This preview shows page 1. Sign up to view the full content.
Unformatted text preview: re can be freely shared with other users. Hence public-domain software are
also referred to as shareware or user-supported software.
Often a user may find a public-domain software suitable for his/her requirements. In this
case, he/she can obtain it for free by downloading it from the Internet.
The following are the advantages and limitations of downloading and using publicdomain software packages:
1. They are available for free.
2. They can be downloaded and used immediately. The user need not wait for the
software to be developed and tested before the planned activity can be started.
3. They may not be properly tested before release and their support is normally poor as
compared to a commercial software. Hence they may fail during operation and bug fixing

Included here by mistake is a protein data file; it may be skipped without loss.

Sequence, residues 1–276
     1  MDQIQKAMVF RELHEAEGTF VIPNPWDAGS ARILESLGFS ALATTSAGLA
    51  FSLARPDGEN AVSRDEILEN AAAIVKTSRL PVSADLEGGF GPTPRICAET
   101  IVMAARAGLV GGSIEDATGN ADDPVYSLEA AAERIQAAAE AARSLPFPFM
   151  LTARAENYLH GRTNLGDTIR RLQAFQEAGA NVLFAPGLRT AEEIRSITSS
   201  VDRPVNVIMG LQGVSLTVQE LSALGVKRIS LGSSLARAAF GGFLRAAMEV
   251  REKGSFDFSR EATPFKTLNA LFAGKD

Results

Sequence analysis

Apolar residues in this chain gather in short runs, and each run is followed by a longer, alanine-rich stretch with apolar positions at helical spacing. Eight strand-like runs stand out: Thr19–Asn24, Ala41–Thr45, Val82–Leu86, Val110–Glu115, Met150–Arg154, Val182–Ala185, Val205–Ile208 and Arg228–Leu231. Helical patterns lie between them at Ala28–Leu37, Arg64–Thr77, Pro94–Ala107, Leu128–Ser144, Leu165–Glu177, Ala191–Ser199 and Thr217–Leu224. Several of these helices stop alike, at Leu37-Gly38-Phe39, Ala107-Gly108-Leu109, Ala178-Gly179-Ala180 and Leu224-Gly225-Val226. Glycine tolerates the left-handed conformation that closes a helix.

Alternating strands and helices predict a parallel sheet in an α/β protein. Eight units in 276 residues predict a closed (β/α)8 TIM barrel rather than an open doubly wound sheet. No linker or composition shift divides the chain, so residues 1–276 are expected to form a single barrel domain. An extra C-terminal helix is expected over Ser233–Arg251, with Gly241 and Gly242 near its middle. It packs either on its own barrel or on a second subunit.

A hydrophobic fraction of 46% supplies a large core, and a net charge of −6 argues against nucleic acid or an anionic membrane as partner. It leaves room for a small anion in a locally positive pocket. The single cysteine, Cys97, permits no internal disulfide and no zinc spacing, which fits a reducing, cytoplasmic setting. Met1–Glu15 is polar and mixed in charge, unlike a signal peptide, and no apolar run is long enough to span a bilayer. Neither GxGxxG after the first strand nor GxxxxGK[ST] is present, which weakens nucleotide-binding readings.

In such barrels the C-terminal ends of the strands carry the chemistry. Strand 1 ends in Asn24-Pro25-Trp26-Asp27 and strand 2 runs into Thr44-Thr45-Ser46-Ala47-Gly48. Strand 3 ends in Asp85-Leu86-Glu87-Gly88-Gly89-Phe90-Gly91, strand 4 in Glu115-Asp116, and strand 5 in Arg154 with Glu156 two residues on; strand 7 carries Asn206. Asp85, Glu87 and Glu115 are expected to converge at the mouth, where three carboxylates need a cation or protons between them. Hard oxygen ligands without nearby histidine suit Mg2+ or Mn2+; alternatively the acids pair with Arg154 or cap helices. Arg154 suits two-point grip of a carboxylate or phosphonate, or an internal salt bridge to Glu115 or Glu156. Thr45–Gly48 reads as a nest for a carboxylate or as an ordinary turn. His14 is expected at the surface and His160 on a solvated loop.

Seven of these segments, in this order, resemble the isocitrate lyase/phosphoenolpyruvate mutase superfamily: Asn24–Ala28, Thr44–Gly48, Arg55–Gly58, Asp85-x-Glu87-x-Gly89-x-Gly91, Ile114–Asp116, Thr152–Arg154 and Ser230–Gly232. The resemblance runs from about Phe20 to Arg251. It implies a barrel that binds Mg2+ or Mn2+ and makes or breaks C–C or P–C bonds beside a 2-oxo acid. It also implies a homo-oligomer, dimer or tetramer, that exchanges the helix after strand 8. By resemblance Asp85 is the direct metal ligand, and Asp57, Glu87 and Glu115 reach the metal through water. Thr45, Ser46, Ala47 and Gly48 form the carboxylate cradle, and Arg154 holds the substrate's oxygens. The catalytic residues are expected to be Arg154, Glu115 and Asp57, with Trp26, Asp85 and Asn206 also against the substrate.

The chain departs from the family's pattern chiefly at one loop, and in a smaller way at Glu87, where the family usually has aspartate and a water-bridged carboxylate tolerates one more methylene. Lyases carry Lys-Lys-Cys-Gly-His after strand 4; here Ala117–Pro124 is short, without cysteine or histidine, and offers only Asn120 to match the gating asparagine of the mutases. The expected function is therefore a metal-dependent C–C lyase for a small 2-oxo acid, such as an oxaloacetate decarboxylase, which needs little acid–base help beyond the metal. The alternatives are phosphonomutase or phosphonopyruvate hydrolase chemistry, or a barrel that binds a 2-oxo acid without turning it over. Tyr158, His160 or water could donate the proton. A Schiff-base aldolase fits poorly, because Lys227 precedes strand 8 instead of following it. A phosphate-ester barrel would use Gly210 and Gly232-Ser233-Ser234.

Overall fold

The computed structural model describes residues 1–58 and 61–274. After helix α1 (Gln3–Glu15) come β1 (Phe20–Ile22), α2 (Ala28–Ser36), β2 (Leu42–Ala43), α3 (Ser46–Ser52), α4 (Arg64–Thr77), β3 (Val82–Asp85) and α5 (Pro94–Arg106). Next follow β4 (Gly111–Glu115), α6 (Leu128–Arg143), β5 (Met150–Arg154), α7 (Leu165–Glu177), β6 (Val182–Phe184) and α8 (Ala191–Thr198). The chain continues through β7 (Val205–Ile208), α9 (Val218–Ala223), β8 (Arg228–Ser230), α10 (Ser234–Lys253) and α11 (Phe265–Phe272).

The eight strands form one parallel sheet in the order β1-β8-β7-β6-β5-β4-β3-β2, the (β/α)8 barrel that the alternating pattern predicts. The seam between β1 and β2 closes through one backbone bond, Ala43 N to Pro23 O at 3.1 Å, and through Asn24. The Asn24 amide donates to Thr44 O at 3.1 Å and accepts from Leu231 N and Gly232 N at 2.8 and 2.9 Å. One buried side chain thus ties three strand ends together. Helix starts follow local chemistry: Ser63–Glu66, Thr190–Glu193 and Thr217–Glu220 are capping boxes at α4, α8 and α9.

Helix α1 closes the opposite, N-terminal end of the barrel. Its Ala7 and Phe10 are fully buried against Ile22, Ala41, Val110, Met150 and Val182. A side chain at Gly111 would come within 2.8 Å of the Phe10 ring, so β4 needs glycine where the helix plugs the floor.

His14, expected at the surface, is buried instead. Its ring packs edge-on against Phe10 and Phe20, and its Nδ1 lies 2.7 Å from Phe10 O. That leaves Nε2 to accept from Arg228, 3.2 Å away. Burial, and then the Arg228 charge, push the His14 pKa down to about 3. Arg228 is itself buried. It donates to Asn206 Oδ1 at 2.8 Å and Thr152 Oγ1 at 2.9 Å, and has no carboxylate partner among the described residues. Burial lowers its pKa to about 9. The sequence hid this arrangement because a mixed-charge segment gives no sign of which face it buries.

may not take place soon.
SOFTWARE DEVELOPMENT STEPS
No matter whether a software is a pre-written software, or a customized software
developed by a vendor or in-house, or a public-domain software, it has to be developed
by someone in the first place. Developing a software and putting it to use is a complex
process and involves the following steps:
1. Analyzing the problem at hand and planning the program(s) to solve the problem.
2. Coding the*program(s).
3. Testing, debugging and documenting the program(s).
4. Implementing the program(s).
5. Evaluating and maintaining the program(s).
These steps have been covered in detail in the next few chapters. Chapter 11 deals with
Step 1, Chapter 12 deal: with Step 2, and Chapter 13 deals with Steps 3, 4 and 5.
What is Software Engineering?
Towards the beginning of this chapter we saw that "software" is defined as the set of
computer programs procedures, and associated documents that describe the programs and
how they are to be used. On the other hand, "engineering" is defined as the systematic
application of scientific knowledge in creating and building cost-effective solutions to
practical problems. Hence "software engineering" is that branch of engineering t...
View Full Document
- Spring '14